In May of 1941, the federal government employed folk legend Woody Guthrie to write songs to promote government-built hydroelectric dams on the Columbia River in the Pacific Northwest. Along with such classics as “Roll on Columbia” and “Pastures of Plenty,” Guthrie penned “Grand Coulee Dam” during this period, set to the tune of “Wabash Cannonball.” Built under the Franklin Delano Roosevelt administration beginning in 1933, the Grand Coulee Dam is a concrete gravity dam that provides hydroelectric power and irrigation water.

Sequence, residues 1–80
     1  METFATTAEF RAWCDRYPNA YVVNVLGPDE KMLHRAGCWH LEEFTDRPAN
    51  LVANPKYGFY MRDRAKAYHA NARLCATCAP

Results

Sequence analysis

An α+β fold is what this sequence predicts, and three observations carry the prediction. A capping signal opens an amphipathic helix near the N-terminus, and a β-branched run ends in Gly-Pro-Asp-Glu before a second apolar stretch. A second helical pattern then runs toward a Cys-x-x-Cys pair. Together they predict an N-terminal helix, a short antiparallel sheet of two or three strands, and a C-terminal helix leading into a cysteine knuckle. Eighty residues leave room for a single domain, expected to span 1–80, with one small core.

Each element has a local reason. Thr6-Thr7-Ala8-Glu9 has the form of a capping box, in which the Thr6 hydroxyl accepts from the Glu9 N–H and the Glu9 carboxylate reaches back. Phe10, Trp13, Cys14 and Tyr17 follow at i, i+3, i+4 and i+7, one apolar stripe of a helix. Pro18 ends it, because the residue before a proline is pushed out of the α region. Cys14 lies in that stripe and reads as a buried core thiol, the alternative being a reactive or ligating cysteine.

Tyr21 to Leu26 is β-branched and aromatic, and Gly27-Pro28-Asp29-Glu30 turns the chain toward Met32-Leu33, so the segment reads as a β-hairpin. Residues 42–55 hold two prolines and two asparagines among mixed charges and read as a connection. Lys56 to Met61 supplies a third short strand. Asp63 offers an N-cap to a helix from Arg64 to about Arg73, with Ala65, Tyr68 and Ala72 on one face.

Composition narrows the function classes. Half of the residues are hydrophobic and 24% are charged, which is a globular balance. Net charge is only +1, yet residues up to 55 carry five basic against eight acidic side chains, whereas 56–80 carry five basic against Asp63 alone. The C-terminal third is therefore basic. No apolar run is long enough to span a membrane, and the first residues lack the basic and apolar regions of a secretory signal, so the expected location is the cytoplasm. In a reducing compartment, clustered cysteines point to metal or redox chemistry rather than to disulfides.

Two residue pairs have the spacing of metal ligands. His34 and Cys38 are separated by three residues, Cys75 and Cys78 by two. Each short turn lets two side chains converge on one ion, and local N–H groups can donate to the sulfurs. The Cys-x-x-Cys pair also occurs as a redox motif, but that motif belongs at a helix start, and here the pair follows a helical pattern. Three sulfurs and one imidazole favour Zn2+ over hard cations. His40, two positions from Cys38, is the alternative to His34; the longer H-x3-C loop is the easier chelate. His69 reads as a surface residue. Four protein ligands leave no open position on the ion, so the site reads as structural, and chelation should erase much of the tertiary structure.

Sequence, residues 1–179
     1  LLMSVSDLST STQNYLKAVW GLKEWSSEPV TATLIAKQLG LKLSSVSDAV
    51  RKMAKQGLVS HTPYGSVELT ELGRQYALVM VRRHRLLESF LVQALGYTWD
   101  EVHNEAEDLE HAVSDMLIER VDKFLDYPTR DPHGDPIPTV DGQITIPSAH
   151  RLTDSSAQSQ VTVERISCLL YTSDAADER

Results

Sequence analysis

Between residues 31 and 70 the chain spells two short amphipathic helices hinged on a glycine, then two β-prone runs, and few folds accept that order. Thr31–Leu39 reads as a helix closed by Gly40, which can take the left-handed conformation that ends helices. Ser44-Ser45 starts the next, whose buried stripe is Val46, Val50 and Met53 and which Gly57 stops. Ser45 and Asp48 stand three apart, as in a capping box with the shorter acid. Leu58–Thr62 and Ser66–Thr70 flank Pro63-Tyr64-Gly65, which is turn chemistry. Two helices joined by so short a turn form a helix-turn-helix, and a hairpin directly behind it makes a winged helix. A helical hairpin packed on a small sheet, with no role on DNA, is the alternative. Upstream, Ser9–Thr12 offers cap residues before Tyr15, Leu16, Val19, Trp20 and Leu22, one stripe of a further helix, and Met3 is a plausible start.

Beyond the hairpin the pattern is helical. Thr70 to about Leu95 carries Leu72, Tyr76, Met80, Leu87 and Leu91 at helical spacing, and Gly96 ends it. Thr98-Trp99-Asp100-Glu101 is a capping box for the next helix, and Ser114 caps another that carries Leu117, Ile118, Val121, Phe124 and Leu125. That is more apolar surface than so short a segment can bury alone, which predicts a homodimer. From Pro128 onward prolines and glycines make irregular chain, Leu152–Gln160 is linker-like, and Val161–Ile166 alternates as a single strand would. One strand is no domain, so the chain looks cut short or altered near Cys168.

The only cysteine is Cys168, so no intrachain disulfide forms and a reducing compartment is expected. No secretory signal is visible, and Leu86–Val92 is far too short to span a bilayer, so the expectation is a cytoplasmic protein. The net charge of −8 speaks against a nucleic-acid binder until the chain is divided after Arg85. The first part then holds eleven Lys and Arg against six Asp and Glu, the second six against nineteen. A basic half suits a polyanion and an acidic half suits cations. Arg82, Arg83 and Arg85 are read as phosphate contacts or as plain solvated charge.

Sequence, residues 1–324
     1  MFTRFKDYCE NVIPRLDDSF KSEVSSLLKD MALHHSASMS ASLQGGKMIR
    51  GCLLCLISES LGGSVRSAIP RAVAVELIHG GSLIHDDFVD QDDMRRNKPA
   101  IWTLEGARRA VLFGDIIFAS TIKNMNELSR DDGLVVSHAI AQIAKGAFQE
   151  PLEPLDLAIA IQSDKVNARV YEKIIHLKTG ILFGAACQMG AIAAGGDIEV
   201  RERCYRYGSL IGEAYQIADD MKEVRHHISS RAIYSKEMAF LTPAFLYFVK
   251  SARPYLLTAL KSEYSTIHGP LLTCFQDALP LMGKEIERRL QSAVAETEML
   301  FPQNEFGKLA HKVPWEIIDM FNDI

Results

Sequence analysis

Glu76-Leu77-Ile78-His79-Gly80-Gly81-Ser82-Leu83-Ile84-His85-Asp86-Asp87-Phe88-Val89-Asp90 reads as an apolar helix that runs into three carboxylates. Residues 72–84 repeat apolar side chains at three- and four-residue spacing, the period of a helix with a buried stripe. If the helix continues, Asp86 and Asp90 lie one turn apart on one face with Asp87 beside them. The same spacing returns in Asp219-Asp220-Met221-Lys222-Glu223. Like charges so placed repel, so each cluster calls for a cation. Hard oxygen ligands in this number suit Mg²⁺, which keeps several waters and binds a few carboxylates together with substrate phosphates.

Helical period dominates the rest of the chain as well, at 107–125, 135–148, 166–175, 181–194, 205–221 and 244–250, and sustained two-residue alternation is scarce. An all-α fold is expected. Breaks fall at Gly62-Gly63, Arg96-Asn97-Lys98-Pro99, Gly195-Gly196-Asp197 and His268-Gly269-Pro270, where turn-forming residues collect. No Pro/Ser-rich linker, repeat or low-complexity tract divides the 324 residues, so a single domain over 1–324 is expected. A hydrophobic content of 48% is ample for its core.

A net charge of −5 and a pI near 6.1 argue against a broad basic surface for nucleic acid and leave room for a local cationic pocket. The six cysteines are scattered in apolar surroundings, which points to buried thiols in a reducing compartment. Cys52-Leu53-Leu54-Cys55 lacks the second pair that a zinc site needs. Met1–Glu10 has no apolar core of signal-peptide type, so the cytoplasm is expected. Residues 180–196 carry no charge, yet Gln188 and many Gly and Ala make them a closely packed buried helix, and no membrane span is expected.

How do Guthrie’s lyrics link the federal energy projects of the New Deal to the lives of common people? To the war effort in World War II?
How would you characterize Guthrie’s attitude towards the raw power of the Columbia River and its conversion to electrical power?
Guthrie, Woody. “Grand Coulee Dam.” Recorded May 1941. Track 109 on This Land is Your Land: The Asch Recordings, Vol. 1. Smithsonian Folkways Recordings, 1997, digital.
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